The weekly newsletter of the México Solidarity Project
May 19, 2021/ This week’s issue/ Meizhu Lui, for the editorial team
In one of Marge Piercy’s most beloved poems, To Be of Use, she writes: “The pitcher cries for water to carry/and a person for work that is real.” In a world where people labor for less and less to create more and more for those who already have too much, that real work remains elusive. “Work” has become instead a four-letter word, to be spat out with anger, disgust, and fear. For so many of us, work feels like a life sentence.
Some of us do find the real work we long for — in retirement, if we end up among the lucky ones who live that long and can afford to go without a paycheck. One factory worker friend of mine, relieved to reach retirement, confided that he was going to volunteer with Habitat for Humanity and build houses for the poor. He had always wanted to use his skills to help others. In this past pandemic year, many other folks have found time to fill food bags and distribute them to needy families, as in the volunteer Vallarta program pictured above. We love to make things with — and for — others.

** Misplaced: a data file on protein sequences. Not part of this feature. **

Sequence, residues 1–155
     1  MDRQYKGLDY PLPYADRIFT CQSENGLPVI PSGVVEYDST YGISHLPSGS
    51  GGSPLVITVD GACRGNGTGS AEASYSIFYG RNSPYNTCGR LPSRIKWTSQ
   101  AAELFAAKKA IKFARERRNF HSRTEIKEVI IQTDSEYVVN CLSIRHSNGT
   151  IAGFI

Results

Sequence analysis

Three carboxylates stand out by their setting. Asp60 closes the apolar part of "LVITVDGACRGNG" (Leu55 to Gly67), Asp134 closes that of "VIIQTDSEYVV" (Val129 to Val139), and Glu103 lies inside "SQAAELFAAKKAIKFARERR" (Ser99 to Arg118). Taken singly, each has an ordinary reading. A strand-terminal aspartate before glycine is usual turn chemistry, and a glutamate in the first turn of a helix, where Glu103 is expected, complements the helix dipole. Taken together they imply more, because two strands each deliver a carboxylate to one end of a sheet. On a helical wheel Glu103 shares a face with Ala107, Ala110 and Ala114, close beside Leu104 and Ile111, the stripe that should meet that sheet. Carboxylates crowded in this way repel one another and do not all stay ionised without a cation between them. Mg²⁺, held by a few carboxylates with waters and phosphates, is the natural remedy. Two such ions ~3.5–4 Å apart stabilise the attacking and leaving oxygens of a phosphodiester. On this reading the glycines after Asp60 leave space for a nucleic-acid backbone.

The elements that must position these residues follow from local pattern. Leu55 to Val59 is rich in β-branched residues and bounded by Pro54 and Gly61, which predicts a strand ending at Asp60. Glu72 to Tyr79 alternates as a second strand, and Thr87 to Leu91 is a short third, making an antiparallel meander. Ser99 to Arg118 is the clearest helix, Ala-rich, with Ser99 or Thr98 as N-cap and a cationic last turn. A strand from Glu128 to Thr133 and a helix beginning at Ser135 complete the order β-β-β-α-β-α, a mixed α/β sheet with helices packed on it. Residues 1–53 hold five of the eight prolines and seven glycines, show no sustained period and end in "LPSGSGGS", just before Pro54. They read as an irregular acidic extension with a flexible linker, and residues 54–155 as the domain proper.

The key difference between these voluntary activities and the way we earn money? In this week’s interview, farmworker and organizer Rosalinda Guillen names one aspect of that difference: love of your trade, your craft, your profession. She’s seen the love of working in nature squeezed out of farmers forced to harm the earth — and themselves and others — using techniques they know will always be deeply wrong.
Workers like those at the Tridonex auto parts factory in Matamoros illustrate another difference between the work we cherish and the work we hate. “Work” becomes at best a necessary evil when our employers treat us like mechanical cogs on an assembly line rather than as human beings with intelligence, family lives, and the need to occasionally use the bathroom. Work becomes a heavy and horrible burden when we have no collective organization to help us regain our humanity.
The voluntary activities we do not call “work” both produce what we need and fulfill our human longing “to be of use.” Farmers and workers in México and worldwide are crying out against those who would deny this basic right — this joy — of doing “work that is real.”
Rosalinda Guillen, a veteran rural justice organizer born in Texas, spent her first decade in Coahuila, Mexico. Her family then emigrated to Washington state in 1960 where the ten-year-old Guillen began working in the fields of Skagit County. Guillen would later organize with Caesar Chavez’s UFW and go on to represent farmworkers on issues ranging from immigration to food sovereignty. The organization she founded, Community to Community, is now building broad support for rural people and sustainable agriculture policies that ensure equitable and healthy communities for farmworkers — and all of us who depend on them for our daily breaad.